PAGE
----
An important word of caution:  while broad ranges give companies that flexibility, they require greater managerial skill, judgment and accountability.  Otherwise, a more flexible pay system can escalate a company’s labor cost beyond competitive positions.  In the end, managers need to be responsible for their decisions in a more flexible pay system and they must have the information needed to do so.  Information about payroll budgets and competitive rates of pay internally and externally allow managers to make good decisions.

Alternative Base Pay Increases

Rather than a series of discrete jobs in narrow pay ranges, today’s technical career is characterized by a series of projects.  As a result, it’s critical that key people stay associated with the projects.  Narrow pay ranges that force a person to move to a new job to get a significant pay increase often disrupt critical projects and may have little to do with the business cycle or the cycle of an individual’s development.

At the same time, the “experience curve” concept, the foundation for many technical career ladders, is no longer viable for many technical disciplines.  In the more dynamic fields, a person with only five to ten years of experience may be at the peak of his or her craft.  This person may be the most valuable to the enterprise and be of highest value in the marketplace.  Managers need new ways to provide base pay increases to replace merit increases that have become ineffectual entitlements and promotions that require a change of job.  One example is Technical Growth Pay, a vehicle for managers to reward employees without an artificial annual cycle, according to the employees’ technical development or attached to the project cycle.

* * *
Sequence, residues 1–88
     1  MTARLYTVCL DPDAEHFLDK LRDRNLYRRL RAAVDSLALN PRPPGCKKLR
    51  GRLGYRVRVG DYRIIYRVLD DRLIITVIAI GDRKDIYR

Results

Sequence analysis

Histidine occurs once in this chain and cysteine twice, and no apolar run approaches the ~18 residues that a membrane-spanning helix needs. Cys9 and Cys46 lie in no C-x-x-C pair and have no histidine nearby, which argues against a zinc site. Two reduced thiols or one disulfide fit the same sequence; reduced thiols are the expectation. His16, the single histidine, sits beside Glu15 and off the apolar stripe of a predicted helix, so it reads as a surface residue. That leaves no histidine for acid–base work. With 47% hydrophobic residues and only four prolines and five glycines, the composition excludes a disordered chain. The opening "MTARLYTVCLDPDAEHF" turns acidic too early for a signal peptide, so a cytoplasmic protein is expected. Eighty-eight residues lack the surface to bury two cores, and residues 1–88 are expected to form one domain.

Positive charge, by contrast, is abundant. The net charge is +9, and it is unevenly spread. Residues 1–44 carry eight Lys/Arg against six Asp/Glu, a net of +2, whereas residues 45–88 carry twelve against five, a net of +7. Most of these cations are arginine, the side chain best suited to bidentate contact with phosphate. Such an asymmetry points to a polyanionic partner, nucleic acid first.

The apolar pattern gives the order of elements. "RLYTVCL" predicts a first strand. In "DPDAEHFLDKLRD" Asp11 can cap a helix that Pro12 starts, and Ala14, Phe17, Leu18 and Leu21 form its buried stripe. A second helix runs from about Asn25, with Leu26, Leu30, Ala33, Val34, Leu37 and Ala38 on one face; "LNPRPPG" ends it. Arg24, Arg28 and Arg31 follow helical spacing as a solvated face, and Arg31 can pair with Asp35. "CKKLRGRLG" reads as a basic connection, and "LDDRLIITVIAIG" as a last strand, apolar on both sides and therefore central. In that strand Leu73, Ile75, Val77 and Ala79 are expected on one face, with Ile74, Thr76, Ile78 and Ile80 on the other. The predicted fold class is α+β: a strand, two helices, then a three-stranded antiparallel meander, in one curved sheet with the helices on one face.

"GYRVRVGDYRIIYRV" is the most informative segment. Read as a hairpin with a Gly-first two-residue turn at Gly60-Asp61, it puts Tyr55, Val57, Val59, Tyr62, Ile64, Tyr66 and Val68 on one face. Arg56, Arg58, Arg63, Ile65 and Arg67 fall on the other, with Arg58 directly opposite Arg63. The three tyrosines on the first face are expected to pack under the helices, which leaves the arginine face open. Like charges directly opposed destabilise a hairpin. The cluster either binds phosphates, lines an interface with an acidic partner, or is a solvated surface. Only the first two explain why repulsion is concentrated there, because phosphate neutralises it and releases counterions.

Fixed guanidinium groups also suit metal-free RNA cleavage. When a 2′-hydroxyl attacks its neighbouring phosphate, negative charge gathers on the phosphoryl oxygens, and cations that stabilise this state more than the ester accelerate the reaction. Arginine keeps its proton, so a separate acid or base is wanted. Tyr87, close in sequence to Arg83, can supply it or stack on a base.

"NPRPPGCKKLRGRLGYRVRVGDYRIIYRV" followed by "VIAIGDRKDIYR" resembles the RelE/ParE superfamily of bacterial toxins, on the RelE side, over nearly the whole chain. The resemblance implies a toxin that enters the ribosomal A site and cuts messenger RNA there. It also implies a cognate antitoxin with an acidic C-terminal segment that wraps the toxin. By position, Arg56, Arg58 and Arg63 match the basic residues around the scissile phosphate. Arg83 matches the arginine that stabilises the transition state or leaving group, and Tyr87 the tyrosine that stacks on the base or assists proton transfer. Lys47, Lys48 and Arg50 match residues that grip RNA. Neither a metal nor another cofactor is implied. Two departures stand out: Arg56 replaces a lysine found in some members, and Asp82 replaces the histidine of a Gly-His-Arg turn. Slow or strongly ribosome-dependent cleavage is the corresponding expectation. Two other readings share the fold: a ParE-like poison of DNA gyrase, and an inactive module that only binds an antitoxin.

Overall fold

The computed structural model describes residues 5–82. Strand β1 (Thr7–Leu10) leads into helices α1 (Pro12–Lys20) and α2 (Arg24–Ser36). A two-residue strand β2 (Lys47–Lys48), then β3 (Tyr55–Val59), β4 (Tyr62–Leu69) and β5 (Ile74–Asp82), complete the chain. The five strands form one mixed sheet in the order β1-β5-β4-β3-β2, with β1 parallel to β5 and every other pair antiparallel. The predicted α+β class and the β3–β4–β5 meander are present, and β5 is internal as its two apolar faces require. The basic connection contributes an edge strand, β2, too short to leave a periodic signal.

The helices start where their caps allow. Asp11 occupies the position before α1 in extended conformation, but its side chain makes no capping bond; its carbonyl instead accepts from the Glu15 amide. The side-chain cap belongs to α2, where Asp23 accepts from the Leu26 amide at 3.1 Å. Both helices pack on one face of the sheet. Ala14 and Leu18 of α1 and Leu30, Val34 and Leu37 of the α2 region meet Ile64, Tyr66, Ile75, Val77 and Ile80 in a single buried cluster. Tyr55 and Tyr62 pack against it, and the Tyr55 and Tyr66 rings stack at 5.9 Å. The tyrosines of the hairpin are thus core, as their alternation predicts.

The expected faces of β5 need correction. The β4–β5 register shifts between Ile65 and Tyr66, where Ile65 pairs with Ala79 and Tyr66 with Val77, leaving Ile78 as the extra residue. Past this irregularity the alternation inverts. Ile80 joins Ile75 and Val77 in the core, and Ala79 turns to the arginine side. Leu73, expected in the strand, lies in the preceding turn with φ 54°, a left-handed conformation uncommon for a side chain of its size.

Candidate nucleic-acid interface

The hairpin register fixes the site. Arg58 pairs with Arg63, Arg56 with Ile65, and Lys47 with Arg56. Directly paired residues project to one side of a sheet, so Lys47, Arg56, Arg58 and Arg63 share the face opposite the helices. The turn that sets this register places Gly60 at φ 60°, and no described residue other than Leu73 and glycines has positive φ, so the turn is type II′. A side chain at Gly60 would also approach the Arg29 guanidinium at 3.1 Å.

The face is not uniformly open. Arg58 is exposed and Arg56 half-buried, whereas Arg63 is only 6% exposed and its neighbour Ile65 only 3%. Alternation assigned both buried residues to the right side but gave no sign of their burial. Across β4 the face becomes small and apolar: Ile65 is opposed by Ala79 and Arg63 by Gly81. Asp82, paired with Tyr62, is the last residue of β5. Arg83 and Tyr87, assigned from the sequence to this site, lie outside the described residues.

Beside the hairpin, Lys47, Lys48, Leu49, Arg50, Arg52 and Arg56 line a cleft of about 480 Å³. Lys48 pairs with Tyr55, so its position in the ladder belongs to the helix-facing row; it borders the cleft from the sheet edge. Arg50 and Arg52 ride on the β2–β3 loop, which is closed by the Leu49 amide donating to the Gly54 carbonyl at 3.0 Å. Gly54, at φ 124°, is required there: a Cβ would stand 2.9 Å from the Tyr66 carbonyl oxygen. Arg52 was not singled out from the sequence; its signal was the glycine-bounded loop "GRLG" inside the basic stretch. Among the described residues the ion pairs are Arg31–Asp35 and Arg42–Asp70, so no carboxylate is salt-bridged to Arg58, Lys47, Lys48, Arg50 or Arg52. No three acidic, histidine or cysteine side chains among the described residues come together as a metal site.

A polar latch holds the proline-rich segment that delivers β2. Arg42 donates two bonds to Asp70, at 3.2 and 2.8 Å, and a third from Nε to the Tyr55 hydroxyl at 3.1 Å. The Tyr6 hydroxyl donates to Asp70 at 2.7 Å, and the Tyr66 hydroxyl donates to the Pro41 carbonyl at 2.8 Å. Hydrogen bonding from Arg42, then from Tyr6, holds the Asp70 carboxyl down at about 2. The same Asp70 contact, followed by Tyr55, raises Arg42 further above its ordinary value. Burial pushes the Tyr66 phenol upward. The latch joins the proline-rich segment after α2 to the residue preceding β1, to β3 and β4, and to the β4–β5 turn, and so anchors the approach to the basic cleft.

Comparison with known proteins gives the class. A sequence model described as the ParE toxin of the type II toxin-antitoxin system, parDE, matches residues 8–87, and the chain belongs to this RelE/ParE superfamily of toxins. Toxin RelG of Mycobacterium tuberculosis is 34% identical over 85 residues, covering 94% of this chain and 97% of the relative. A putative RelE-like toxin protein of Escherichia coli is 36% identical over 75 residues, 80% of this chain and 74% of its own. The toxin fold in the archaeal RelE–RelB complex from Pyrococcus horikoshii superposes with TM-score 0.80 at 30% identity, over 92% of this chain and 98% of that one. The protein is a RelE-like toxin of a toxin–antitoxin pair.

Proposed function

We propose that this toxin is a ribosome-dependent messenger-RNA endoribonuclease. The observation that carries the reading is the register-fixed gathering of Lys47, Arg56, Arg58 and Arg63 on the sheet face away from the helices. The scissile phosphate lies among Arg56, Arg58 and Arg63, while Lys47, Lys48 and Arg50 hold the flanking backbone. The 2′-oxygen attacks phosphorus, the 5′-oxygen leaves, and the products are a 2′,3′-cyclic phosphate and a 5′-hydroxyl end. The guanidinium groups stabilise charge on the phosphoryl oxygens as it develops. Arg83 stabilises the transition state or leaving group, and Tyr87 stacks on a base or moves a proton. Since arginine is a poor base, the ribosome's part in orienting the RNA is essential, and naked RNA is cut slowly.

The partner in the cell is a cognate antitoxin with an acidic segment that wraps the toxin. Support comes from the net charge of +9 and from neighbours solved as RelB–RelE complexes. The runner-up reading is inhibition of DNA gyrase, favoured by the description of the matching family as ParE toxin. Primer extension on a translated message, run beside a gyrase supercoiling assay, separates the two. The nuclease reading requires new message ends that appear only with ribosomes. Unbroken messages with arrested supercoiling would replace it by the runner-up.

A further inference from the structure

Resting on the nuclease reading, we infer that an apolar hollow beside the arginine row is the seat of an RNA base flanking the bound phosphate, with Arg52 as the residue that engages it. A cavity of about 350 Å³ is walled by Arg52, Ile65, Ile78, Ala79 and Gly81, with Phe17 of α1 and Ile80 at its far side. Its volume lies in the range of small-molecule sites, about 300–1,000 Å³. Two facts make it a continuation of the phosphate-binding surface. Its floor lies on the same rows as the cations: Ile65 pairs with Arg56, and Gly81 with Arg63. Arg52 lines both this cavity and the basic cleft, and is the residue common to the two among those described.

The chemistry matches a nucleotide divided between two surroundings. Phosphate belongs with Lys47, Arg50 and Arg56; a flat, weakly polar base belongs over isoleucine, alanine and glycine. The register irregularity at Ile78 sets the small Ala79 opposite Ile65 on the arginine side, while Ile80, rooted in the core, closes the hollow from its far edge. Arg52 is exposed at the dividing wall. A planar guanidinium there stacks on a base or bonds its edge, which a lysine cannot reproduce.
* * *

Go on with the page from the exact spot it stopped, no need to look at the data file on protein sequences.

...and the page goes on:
Performance Bonus

One way to get technical employees to focus more on a particular goal is to tie a part of the pay to the performance of the business.  Business managers are often frustrated because R&D isn’t focused on business results; yet most companies wouldn’t want their technical people constrained by a quarterly earnings focus.  Still, there are other longer-term performance measures that can be tied to variable pay.  For example, a product development department at a clinical nutrition company linked incentive pay to the net present value of a project’s expected cash flow to ensure the commercial viability of research efforts.


As the business landscape changes, major technology-based companies are losing key people to small start-up firms that provide an equity stake to non-manager technologists.  Some larger companies provide stock, options, or even phantom shares, not only as a retention device, but to get R&D employees to focus on long-term financial performance.  Like performance bonuses, equity has the benefit of encouraging employees to see the whole picture of the business.


Companies often miss the boat on employee perks when it comes to their technical staff.  Like executives and managers, scientific and technical employees are highly motivated by perks—but not necessarily the same ones as their management peers.  Technical stars favor the autonomy to make real, technical decisions, not just administrative ones.  Another valued perk is additional budget to fund research or to buy materials and equipment.  To meet the learning orientation of technical employees, some organizations provide educational sabbaticals to their top performers.

Giving Away the Store?

The answer is not to just pay technologists more as the market for their talents goes up.  Companies need to be careful how technologists are paid to get the results that are best for them and the company.  By developing an approach to technical careers based on today’s realities, companies and their technical employees can eliminate their mutual concerns and embark on a new kind of relationship in which both thrive.

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©2006 Winston J. Brill & Associates. All rights reserved.